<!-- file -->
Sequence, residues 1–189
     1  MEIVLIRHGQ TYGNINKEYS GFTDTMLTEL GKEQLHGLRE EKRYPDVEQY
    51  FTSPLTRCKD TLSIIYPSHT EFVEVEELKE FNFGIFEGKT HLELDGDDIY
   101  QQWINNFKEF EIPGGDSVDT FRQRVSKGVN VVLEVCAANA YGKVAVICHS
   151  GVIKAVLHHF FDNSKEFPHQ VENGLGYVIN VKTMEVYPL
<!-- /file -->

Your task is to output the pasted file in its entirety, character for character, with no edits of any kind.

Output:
Sequence, residues 1–189
     1  MEIVLIRHGQ TYGNINKEYS GFTDTMLTEL GKEQLHGLRE EKRYPDVEQY
    51  FTSPLTRCKD TLSIIYPSHT EFVEVEELKE FNFGIFEGKT HLELDGDDIY
   101  QQWINNFKEF EIPGGDSVDT FRQRVSKGVN VVLEVCAANA YGKVAVICHS
   151  GVIKAVLHHF FDNSKEFPHQ VENGLGYVIN VKTMEVYPL